Retired as a performance service mechanic and business owner due to his condition, Dick starts off each week by calling the VA to check his schedule for the upcoming week based on last week’s evaluation. He attends electroshock acupuncture, the only therapy that appears to help, plus physical therapy, pain evaluation, and natural pain management treatment which uses yoga, essential oils, mindfulness, and breathing techniques rather than opioids to treat pain.

While Dick receives regular treatment from the VA, the task of getting approved for coverage was an uphill battle that stretched to the very final year of appeals just 6 years ago.

After the Gulf War, Dick finished his service in Japan and Korea, later acting as a personal driver for a battallion commander until being discharged in May 1992, at least on paper.

“You’re never out of the Marines,” said Dick. “Once you’re a Marine, you’re always a Marine.”

His health was already beginning to deteriorate by the end of his service. When he mentioned the lack of feeling in his hands and legs, he was told his combat radio pack, which was heavier than his body weight, had pinched the nerves in his arms. But the lack of feeling continued for years after he was done carrying the pack.

“I could hold a burning lighter to my hand and not feel it,” he said.

Dick struggled to get assistance from the VA, until the final year came for an appeal. “They were going to deny me the rest of my life. In 2013 I finally had enough,” he said. “I could hardly move or function. I called up the Wood County VA representative. I said, I’m not taking no for an answer. They’d all say it’s all in my head. They think you’re trying to scam benefits.”

The new representative at that time decided to dig into Dick’s case and came across a study at the University of Wisconsin through the VA, which tested pain and brain stimulation for Desert Storm veterans. Dick decided to take part and pay the gas to drive down to Madison twice a week.

The test involved placing a heating and cooling device in the hand while the participant is distracted from the temperature changes and the MRI machine by brain exercises. After a few months, Dick’s lack of brain activity for his left hand attracted the attention of a research doctor at the War Related Illness and Injury Study Center in New Jersey.

“He said, you’re the prime example of the veteran I’m looking for,” Dick said.

The doctor flew into Madison to conduct a separate test using the heating/cooling device while scanning brain function. On a 0 setting, the device gets colder than an ice cube. On a 10, it gets hot enough that most people would try to shake it off. The doctor said he could try increasing the setting to 15.

“When we pulled that device off my hand, it look like a piece of charred toast,” Dick said. “He said ‘That’s weird, you’re not even blistering.’ There’s no nerve function to tell me to blister to protect the underlying skin and muscle.”

A faint indented outline of a square in Dick’s left palm is the only remnant of this test. He thinks of it as a blessing — tangible proof that his condition was not psychosomatic, but real.

Dick was sitting in a deer hunting stand the day after Thanksgiving in 2014 when the study center asked him to come to New Jersey to conduct more tests that would help with his final appeal, which was looming in just a few weeks. He got the money together to purchase a one-way ticket that weekend until his return in mid-December.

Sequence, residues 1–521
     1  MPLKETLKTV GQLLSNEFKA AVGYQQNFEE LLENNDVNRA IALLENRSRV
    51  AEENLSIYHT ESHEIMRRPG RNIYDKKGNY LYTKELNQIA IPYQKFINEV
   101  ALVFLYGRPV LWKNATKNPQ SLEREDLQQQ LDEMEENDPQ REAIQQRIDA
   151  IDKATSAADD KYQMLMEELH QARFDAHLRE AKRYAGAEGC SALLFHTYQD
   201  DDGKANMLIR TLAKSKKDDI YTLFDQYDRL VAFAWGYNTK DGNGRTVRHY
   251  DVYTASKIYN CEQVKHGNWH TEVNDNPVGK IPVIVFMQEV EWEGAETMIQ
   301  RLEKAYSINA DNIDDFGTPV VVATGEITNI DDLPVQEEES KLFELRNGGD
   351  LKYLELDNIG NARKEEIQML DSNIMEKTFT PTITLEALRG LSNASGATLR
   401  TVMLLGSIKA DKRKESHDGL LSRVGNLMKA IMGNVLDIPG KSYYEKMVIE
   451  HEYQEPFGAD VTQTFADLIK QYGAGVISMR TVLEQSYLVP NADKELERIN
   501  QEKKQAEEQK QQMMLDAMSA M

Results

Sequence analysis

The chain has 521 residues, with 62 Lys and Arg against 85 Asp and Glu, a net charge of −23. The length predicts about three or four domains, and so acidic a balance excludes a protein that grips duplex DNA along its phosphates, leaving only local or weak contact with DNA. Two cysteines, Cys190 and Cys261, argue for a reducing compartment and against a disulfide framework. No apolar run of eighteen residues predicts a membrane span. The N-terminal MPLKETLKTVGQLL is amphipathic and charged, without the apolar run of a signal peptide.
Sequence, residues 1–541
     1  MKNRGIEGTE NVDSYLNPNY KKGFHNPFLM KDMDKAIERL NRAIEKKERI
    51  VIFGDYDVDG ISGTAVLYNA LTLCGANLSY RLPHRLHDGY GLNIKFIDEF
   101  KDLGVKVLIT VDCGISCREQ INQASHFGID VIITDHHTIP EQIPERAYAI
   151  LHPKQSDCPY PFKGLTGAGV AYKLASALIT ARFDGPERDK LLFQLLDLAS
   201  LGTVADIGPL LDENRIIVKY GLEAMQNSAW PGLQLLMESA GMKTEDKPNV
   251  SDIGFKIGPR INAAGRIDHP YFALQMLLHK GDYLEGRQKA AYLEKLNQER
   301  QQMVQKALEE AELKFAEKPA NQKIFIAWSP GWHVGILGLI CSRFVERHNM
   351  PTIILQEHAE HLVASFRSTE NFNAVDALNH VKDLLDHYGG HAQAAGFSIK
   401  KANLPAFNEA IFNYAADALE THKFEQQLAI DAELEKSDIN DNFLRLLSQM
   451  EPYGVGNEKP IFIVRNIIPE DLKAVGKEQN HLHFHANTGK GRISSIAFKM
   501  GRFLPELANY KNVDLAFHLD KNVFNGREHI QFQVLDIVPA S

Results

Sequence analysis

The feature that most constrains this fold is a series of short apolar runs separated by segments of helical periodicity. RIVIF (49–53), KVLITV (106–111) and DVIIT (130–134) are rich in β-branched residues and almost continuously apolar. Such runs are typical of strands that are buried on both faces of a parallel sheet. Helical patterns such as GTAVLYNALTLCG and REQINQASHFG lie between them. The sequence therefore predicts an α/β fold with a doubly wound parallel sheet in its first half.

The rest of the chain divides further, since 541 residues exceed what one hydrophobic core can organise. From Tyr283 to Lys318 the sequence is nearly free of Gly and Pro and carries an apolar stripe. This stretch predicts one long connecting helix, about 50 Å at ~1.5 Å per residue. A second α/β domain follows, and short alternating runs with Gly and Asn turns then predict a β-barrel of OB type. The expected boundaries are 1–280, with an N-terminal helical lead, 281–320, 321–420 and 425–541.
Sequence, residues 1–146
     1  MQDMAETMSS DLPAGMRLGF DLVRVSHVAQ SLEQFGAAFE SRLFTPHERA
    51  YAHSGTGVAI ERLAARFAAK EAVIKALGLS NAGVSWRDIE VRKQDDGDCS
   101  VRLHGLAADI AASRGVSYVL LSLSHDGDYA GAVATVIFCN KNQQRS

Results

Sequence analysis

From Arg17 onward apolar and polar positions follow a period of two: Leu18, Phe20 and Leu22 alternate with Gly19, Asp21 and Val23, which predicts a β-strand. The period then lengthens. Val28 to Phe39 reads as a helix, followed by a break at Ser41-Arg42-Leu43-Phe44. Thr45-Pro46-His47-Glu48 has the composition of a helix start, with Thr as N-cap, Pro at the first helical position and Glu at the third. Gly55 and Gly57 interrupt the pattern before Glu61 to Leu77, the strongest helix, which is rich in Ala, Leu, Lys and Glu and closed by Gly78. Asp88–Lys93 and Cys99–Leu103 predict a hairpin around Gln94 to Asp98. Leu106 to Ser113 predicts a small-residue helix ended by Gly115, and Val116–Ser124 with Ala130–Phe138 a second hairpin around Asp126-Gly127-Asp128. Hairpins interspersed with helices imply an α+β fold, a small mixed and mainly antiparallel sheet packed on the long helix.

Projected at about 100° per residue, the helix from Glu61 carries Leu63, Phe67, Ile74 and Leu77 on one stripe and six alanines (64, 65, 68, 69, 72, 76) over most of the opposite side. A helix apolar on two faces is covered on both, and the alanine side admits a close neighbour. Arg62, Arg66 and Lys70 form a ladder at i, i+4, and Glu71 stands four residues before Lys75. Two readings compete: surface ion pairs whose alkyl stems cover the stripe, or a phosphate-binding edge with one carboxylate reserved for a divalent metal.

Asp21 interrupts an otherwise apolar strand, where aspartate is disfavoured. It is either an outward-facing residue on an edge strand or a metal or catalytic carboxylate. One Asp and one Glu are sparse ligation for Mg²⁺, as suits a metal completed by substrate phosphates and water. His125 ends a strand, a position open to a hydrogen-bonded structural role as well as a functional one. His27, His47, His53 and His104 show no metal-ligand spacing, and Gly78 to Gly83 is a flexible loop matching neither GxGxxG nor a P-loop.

“They did so many tests on me, it was mind-boggling,” Dick said. His medical file was so huge, that the first attempt to scan the file to the DAV office in Milwaukee, where his appeal case was being handled, didn’t work.

“Because it was a holiday month, it had to be in close of business that day before they could take it under consideration, so I was sitting in the airport trying to communicate over by cell phone,” he said. Fortunately, his appeal was extended by another day.

The next Monday, Dick received a call from the DAV rep that the file was so extensive, the case would be reopened from the beginning. Finally, in January 2015, Dick was placed on 100 percent disability.

While today he can no longer run his business, Dick keeps his shop as a hobby, which has gotten him through his darkest times. His two college-aged sons and their friends still come out to tinker with their projects.

“I considered myself the best motorsports mechanic,” he said. “I have a good reputation behind that.”

Dick lives near Hewitt with his wife Sheri, his two sons and 13-year-old daughter. He considers his wife of 24 years as his best support through the years, when the side effects of the war kept him from being able to work, play ball with the kids, or even move.

“I keep hell of a sense of humor, that’s the other thing that will get you through a bad day. I always say to people, things could be worse,” he said. “I’ve been in a lot of worst case scenarios, and I could take those dark days. Even in a bad, dark day, you can find some sort of humor in it.”

Former Representative Bob Kulp with David Dick in commemoration of the 29th anniversary of Desert Storm.

In January, Dick traveled to Madison to be honored at the State Capitol for the 29th anniversary of Operation Desert Storm on January 17, 1991. Just the month before, a design was approved for a new privately funded National Desert Storm and Desert Shield War Memorial in Washington D.C to be constructed near the Lincoln and Vietnam Veterans Memorials, with hopes of being dedicated by Veterans Day 2021. To learn more and to donate, visit www.ndswm.org.

To Dick, the memorial means bringing awareness to what was essentially a short conflict, and its lingering effects in the veterans who suffer from Gulf War Illness. Plus, it recalls the nation’s dependence on oil — which during that time was in jeopardy when Iraq invaded Kuwait.

“It’s part of history,” Dick said. “You can’t ignore parts of history. It got us where we are today, if you forget that, you’ll end up back there eventually.”

Kaylin S
Author: Kaylin S

Kaylin Speth is a Marshfield native with a bachelor's degree in English from UW-Green Bay. She enjoys highlighting the many great things happening in the community and bringing to life the untold stories. Email the team at [email protected]